Let other pens dwell on guilt and misery. I quit such odious subjects as soon as I can, impatient to restore everybody, not greatly in fault themselves, to tolerable comfort, and to have done with all the rest.
My Fanny, indeed, at this very time, I have the satisfaction of knowing, must have been happy in spite of everything. She must have been a happy creature in spite of all that she felt, or thought she felt, for the distress of those around her. She had sources of delight that must force their way. She was returned to Mansfield Park, she was useful, she was beloved; she was safe from Mr. Crawford; and when Sir Thomas came back she had every proof that could be given in his then melancholy state of spirits, of his perfect approbation and increased regard; and happy as all this must make her, she would still have been happy without any of it, for Edmund was no longer the dupe of Miss Crawford.
It is true that Edmund was very far from happy himself. He was suffering from disappointment and regret, grieving over what was, and wishing for what could never be. She knew it was so, and was sorry; but it was with a sorrow so founded on satisfaction, so tending to ease, and so much in harmony with every dearest sensation, that there are few who might not have been glad to exchange their greatest gaiety for it.
Sir Thomas, poor Sir Thomas, a parent, and conscious of errors in his own conduct as a parent, was the longest to suffer. He felt that he ought not to have allowed the marriage; that his daughters sentiments had been sufficiently known to him to render him culpable in authorising it; that in so doing he had sacrificed the right to the expedient, and been governed by motives of selfishness and worldly wisdom. These were reflections that required some time to soften; but time will do almost everything; and though little comfort arose on Mrs. Rushworths side for the misery she had occasioned, comfort was to be found greater than he had supposed in his other children. Julias match became a less desperate business than he had considered it at first. She was humble, and wishing to be forgiven; and Mr. Yates, desirous of being really received into the family, was disposed to look up to him and be guided. He was not very solid; but there was a hope of his becoming less trifling, of his being at least tolerably domestic and quiet; and at any rate, there was comfort in finding his estate rather more, and his debts much less, than he had feared, and in being consulted and treated as the friend best worth attending to. There was comfort also in Tom, who gradually regained his health, without regaining the thoughtlessness and selfishness of his previous habits. He was the better for ever for his illness. He had suffered, and he had learned to think: two advantages that he had never known before; and the self-reproach arising from the deplorable event in Wimpole Street, to which he felt himself accessory by all the dangerous intimacy of his unjustifiable theatre, made an impression on his mind which, at the age of six-and-twenty, with no want of sense or good companions, was durable in its happy effects. He became what he ought to be: useful to his father, steady and quiet, and not living merely for himself.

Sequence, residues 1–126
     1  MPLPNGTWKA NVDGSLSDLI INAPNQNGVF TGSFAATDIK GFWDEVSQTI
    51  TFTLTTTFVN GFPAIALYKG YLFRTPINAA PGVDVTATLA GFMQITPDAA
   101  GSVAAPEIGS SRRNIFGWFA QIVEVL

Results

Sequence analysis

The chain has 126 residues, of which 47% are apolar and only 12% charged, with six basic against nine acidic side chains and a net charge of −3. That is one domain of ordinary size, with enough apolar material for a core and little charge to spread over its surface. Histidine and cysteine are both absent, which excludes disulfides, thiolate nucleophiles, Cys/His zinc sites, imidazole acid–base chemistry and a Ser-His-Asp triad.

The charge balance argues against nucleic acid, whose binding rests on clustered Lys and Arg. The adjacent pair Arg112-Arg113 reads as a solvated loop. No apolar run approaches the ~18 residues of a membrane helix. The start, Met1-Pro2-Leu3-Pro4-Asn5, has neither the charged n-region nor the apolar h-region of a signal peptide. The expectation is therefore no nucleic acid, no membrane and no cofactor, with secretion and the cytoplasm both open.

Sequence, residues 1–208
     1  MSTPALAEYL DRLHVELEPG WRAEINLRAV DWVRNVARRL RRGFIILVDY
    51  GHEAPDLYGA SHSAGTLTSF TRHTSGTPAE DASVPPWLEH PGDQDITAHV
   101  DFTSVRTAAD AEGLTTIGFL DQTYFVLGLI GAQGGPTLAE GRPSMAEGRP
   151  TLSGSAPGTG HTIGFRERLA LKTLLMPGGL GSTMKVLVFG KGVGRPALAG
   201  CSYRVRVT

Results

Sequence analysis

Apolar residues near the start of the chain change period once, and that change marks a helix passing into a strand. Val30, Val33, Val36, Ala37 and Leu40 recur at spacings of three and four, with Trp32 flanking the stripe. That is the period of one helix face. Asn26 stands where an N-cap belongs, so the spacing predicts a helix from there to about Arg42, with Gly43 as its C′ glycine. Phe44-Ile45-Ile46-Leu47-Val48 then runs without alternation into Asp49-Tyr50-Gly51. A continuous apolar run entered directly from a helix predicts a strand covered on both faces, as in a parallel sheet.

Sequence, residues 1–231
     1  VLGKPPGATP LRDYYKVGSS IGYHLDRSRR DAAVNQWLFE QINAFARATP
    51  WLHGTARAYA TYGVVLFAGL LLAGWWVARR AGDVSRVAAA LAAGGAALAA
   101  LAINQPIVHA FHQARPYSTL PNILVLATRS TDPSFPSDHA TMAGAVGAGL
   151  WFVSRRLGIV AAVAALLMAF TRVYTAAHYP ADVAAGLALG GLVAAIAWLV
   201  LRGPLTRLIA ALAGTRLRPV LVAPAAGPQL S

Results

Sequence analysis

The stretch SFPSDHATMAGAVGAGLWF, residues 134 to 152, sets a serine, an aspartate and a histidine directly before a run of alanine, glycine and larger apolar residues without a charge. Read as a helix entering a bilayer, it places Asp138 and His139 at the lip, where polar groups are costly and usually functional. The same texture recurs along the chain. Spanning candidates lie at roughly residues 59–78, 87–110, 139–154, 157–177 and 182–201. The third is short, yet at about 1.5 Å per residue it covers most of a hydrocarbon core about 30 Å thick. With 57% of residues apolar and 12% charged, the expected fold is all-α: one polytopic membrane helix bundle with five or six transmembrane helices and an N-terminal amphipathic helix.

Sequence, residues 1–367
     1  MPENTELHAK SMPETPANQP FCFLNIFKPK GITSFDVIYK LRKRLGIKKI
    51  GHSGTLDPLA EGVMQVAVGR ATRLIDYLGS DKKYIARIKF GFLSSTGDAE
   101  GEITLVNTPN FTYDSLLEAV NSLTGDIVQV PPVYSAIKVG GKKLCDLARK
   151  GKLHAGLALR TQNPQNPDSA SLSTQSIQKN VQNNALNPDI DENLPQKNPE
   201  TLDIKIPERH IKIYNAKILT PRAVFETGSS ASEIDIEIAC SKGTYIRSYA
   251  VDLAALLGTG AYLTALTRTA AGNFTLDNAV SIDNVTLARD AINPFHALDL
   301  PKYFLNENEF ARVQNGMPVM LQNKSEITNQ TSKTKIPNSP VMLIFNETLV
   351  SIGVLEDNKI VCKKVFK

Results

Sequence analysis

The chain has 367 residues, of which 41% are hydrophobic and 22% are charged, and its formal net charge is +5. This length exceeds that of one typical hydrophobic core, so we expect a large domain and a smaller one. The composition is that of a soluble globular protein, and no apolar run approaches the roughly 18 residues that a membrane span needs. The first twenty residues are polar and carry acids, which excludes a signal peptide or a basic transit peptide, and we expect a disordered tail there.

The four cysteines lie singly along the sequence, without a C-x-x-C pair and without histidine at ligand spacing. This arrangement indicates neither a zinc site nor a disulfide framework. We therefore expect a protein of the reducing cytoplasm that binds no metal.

Here was comfort indeed! and quite as soon as Sir Thomas could place dependence on such sources of good, Edmund was contributing to his fathers ease by improvement in the only point in which he had given him pain before improvement in his spirits. After wandering about and sitting under trees with Fanny all the summer evenings, he had so well talked his mind into submission as to be very tolerably cheerful again.
These were the circumstances and the hopes which gradually brought their alleviation to Sir Thomas, deadening his sense of what was lost, and in part reconciling him to himself; though the anguish arising from the conviction of his own errors in the education of his daughters was never to be entirely done away.
Too late he became aware how unfavourable to the character of any young people must be the totally opposite treatment which Maria and Julia had been always experiencing at home, where the excessive indulgence and flattery of their aunt had been continually contrasted with his own severity. He saw how ill he had judged, in expecting to counteract what was wrong in Mrs. Norris by its reverse in himself; clearly saw that he had but increased the evil by teaching them to repress their spirits in his presence so as to
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